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Why Do We Do Penance for Lent? The Two Big Reasons

Mar 04, 2017 By Gretchen Filz

In the Catholic Church, the season of Lent is a time for increased prayer, fasting, and almsgiving in preparation for the greatest feast on the Church calendar: Easter.

Prayer, fasting, and almsgiving are forms of penance. Penance simply means the repentance of sins by taking some form of action in reparation for our sins.  Just as we sinned by actually committing or omitting something we shouldn't have, so we should do penance by actually committing or omitting something to "make up" for it. And this is for our benefit.


Just as sin did something real in our souls by causing damage, in the same way penance does something real in our souls by bringing healing; doing penance spiritually turns our hearts away from sin and back on the right path of reconciliation with God and a life of holiness lived according to his will. (This is why the Sacrament of Reconciliation is also called the Sacrament of Penance; the priest always gives a prayer or an action to perform after we confess our sins).

"Wherefore, we ask, urgently and prayerfully, that we, as people of God, make of the entire Lenten Season a period of special penitential observance." - Pastoral Statement on Penance and Abstinance, USCCB, 1966.

And penance is hard work! But the saints tell us that health of our souls depends on it.

"Let us chastise our body crucifying it with its vices, concupiscence and sins, because by living according to the flesh, the devil wishes to take away from us the love of Jesus Christ and eternal life and to lose himself in hell with everyone else." - St. Francis of Assisi

Penance simply means the repentance of sins by taking some form of action in reparation for our sins.



1) To make reparation for our sins: We need to grow in our understanding of the depth and seriousness of our sin that nailed Jesus to the Cross, so that we do not fall into the deadly trap of thinking "it's no big deal." All sin is an offense against God, and something for which we must make amends in order to restore our right relationship with Him. The saints and holy men and women did great penances for themselves and also for the souls of many others.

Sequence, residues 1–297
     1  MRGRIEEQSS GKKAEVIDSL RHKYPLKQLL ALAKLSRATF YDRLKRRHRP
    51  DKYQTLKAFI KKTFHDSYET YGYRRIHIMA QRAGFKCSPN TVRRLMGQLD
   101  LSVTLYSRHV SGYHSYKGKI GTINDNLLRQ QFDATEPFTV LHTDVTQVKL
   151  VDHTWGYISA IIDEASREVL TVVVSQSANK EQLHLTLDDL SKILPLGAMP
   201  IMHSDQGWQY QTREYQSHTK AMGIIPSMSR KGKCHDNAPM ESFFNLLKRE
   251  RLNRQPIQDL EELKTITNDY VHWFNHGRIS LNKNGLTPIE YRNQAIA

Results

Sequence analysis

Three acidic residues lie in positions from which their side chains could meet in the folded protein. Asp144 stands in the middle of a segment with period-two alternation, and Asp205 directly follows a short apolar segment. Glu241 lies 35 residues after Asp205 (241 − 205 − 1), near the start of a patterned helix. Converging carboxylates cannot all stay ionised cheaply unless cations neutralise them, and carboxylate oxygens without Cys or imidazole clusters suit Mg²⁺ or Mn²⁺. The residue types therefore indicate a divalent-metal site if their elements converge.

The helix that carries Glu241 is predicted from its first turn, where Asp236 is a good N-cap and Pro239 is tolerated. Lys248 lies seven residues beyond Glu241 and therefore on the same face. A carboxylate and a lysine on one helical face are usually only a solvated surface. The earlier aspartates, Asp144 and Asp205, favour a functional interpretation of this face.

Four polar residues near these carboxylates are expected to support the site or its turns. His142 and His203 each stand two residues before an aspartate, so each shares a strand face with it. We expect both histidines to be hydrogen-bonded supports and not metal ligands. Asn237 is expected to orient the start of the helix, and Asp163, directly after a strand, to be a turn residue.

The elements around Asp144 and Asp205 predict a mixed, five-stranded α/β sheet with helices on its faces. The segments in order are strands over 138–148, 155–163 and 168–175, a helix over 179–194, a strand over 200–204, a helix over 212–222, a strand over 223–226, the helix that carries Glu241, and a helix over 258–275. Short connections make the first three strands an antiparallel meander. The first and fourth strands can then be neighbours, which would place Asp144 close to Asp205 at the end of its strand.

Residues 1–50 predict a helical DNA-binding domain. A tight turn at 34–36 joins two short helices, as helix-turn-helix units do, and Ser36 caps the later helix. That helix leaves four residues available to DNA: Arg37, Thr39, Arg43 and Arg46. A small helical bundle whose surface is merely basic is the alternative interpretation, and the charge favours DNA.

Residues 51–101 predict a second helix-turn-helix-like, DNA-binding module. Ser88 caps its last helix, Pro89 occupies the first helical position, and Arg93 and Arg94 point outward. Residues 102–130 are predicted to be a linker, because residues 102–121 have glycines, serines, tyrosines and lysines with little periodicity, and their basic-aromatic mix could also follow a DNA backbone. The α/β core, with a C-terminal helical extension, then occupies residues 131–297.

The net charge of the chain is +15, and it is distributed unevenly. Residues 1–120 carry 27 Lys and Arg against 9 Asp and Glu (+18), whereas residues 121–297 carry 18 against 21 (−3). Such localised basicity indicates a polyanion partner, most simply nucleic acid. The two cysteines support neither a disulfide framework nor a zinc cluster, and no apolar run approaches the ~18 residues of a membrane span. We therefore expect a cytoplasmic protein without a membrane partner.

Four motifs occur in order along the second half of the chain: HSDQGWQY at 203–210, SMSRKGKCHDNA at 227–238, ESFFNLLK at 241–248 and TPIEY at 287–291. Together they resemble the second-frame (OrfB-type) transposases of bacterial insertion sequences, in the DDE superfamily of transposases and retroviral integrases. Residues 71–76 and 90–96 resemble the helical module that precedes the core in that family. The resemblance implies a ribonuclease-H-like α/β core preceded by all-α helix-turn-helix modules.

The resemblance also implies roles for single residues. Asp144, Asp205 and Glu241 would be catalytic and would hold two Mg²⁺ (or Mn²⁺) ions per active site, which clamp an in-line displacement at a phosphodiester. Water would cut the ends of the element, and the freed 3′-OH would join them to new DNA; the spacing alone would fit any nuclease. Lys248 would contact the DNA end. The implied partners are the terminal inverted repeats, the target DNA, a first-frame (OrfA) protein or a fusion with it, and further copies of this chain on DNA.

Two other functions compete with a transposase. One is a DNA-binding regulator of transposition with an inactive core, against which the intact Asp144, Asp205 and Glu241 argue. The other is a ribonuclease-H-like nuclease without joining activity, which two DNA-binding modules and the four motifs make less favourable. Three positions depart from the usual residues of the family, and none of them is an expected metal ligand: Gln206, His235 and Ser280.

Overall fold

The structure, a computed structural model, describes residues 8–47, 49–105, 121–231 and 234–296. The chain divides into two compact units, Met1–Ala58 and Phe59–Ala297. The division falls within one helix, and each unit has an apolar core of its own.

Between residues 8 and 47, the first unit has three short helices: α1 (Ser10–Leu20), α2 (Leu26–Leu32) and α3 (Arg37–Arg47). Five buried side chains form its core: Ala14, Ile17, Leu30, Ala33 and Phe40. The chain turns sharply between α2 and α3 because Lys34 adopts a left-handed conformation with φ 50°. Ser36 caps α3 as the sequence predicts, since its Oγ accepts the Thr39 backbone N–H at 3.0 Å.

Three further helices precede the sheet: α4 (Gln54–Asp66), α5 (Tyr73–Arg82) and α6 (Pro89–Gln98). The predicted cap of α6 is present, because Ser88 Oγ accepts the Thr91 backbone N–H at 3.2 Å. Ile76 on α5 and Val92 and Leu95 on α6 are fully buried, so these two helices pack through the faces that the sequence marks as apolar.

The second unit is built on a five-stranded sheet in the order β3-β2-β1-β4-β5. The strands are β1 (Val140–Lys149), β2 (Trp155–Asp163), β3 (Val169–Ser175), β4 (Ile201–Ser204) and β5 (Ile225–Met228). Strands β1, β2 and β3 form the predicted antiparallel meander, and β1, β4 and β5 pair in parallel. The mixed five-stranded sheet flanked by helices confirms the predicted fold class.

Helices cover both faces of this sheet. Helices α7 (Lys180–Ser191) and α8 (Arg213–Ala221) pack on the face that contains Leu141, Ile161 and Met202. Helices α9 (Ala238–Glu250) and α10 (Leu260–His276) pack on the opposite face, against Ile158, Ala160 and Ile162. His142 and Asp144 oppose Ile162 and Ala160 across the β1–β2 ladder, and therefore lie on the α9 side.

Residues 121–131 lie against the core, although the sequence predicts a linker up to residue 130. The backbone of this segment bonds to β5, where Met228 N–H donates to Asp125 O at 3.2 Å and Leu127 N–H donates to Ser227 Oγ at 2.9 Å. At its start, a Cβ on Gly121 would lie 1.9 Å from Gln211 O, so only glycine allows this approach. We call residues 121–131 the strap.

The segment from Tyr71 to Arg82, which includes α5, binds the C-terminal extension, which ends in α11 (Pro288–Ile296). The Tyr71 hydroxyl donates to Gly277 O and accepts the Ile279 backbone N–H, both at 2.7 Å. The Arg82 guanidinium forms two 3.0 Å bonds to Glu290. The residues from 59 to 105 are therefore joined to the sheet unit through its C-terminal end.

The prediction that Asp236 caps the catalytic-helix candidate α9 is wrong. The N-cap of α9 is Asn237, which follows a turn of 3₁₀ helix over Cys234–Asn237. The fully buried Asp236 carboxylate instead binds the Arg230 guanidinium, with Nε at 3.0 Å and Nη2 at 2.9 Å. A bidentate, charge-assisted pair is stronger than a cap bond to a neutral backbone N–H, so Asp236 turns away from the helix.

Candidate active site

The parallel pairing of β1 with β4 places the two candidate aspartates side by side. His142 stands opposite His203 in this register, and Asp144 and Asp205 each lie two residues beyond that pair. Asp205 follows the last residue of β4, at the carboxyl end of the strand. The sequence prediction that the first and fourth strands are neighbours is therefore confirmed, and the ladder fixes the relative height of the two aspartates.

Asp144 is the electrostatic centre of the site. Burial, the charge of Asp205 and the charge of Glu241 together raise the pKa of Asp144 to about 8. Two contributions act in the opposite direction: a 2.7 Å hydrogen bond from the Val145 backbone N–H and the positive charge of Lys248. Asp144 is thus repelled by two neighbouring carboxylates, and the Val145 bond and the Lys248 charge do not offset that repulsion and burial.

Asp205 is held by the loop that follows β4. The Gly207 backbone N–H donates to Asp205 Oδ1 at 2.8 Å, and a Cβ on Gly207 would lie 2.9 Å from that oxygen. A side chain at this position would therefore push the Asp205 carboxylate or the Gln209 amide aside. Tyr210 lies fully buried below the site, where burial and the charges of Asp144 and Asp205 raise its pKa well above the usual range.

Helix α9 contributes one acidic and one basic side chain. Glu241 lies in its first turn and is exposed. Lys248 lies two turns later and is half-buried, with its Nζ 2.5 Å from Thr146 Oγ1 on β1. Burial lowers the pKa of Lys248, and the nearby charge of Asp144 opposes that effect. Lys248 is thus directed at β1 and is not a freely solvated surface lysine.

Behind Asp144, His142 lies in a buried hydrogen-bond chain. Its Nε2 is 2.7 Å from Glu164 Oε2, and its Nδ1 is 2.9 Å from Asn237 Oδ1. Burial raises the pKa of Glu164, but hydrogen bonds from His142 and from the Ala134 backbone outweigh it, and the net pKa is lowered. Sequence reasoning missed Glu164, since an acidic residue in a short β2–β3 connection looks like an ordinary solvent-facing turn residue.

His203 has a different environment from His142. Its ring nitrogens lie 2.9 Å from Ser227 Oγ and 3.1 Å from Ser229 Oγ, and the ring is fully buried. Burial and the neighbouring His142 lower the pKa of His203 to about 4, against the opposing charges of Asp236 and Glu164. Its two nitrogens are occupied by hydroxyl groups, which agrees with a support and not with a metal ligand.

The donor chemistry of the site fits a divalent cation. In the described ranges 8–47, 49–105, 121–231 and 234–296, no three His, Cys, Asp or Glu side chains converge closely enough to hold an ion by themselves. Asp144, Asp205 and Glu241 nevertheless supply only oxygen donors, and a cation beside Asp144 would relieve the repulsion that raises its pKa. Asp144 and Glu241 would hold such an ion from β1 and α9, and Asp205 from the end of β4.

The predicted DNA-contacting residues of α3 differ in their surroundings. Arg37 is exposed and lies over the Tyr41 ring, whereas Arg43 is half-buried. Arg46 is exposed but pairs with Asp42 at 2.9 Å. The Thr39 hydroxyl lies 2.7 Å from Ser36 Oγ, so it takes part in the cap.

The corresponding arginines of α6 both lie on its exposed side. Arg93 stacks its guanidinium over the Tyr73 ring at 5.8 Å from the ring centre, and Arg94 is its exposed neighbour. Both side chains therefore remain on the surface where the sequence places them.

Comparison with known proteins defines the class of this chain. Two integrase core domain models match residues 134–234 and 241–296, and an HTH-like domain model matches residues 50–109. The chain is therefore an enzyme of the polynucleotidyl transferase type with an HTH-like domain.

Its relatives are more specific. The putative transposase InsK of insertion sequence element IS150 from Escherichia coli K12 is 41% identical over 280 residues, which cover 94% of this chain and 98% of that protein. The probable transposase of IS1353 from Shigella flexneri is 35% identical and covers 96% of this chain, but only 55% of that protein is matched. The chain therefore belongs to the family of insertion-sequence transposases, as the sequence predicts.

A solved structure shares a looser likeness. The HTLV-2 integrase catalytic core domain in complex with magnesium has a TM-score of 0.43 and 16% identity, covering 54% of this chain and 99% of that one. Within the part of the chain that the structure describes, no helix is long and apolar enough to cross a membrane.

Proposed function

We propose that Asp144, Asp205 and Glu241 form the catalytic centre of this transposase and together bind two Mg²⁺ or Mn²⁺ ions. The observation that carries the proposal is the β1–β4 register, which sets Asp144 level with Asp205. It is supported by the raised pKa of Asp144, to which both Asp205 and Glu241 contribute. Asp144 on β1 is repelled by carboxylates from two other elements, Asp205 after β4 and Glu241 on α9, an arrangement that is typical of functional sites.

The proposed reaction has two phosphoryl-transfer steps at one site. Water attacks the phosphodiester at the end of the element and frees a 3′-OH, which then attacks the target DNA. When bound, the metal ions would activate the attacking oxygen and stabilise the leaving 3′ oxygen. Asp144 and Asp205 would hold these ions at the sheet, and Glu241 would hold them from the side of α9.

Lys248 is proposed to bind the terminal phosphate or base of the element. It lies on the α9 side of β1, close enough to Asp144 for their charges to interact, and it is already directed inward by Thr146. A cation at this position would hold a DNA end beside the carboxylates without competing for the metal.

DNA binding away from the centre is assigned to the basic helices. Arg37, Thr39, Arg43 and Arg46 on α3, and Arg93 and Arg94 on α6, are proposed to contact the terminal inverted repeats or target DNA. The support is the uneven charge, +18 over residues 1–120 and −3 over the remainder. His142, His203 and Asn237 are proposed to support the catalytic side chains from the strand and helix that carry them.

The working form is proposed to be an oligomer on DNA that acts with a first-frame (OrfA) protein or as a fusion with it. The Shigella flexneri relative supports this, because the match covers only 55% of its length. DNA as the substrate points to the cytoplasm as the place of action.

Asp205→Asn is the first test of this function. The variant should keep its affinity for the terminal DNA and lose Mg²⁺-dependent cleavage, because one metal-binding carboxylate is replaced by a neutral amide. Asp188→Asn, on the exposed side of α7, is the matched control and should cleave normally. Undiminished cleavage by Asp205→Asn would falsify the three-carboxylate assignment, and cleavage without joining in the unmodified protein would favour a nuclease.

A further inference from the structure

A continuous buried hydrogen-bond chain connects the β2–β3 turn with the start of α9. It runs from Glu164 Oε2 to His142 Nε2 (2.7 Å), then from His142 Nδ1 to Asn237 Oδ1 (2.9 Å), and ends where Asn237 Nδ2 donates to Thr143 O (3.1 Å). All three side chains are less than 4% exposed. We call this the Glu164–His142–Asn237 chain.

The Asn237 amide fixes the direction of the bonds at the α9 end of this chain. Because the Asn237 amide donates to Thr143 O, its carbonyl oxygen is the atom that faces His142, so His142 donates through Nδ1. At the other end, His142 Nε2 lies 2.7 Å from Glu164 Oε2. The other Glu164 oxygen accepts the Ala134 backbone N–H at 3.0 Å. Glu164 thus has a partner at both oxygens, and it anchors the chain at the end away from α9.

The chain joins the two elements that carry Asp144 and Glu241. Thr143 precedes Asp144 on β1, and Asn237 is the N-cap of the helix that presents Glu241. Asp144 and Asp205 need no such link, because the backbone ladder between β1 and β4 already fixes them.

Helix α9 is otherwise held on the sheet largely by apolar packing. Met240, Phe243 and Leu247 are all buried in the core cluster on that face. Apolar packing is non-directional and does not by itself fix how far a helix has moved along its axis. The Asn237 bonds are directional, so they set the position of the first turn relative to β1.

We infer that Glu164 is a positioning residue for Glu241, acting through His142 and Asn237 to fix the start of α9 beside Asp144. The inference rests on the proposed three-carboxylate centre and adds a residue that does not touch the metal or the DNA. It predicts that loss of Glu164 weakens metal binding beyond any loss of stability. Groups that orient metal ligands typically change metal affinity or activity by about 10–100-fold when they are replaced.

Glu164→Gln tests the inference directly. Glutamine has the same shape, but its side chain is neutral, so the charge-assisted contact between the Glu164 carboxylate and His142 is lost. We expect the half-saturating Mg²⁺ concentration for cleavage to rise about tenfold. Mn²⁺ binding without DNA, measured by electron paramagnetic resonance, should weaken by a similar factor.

2) To grow in virtue: We do not do penance for the sake of suffering.  We should not choose what is going to make us suffer the most, that isn't the point. We do penance in order to deny ourselves the movements of the lower parts of our nature, thus making our will grow stronger towards the higher parts of our nature, so that we will be better able to resist temptations to sin. Virtue is only gained by choosing it over against the vice that is most opposed to it (for example, to conquer pride, one must practice humility).



Choose something that will help you grow in virtue: Our model for Lent is Jesus who endured the wilderness for 40 days while denying his bodily appetites. When we choose a Lenten penance, we should choose something worthy and something that will help us to rely on grace to accomplish, so that we will be closer to the heart of Jesus Christ by Easter than we were at the start of Lent.

The point of doing penance during Lent is to accomplish something good in our lives, and to remove obstacles to loving God with our whole heart.

What is your Lenten penance this year? Share in the comments below.

This article has been updated and was originally published in February 2015. © The Catholic Company. All rights reserved.


Phil says
Apr 17 2018 7:26AM
So you mean the Bible and catechism don't agree with each other...Isaiah 8:20,
Hi Phil - what is the context of your response?...
This is a good site to get information and it tells lots of people about religion.
Mary says
Feb 26 2018 6:21PM
No coffee in the early morning waking hours before Mass at 7. That is hard for me.
gina says
Apr 12 2017 4:20PM
Thank you so much for this.We can all become a better catholic for a simple reminder we need to keep us on our toes in regards to our faith.
Mildred says
Mar 30 2017 6:36PM
May God give you fortitude to keep fighting until the end! Thank you for sharing this...
Leticia says
Mar 4 2017 12:35PM
Love your reply to JHL. Thank you Grechen for clarifying.
Frances Wilson
Frances Wilson says
Mar 4 2017 11:58AM